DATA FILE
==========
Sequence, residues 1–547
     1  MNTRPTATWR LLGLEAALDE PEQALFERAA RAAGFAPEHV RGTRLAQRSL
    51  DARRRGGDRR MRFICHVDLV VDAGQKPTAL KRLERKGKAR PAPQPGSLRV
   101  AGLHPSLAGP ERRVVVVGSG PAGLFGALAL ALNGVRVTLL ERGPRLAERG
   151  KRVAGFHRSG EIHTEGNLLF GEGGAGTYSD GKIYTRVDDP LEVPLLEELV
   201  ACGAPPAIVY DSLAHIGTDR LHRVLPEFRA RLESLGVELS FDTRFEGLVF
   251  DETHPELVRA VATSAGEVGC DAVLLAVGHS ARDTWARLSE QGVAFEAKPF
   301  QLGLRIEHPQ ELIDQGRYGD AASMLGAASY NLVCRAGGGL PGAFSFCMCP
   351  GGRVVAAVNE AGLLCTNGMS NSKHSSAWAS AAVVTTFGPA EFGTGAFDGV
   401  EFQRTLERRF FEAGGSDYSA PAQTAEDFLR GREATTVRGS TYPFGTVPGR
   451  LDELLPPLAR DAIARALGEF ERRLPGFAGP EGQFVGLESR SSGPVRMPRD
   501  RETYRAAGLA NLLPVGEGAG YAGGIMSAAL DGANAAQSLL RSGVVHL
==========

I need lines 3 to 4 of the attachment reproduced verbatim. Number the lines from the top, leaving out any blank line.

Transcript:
    51  DARRRGGDRR MRFICHVDLV VDAGQKPTAL KRLERKGKAR PAPQPGSLRV
   101  AGLHPSLAGP ERRVVVVGSG PAGLFGALAL ALNGVRVTLL ERGPRLAERG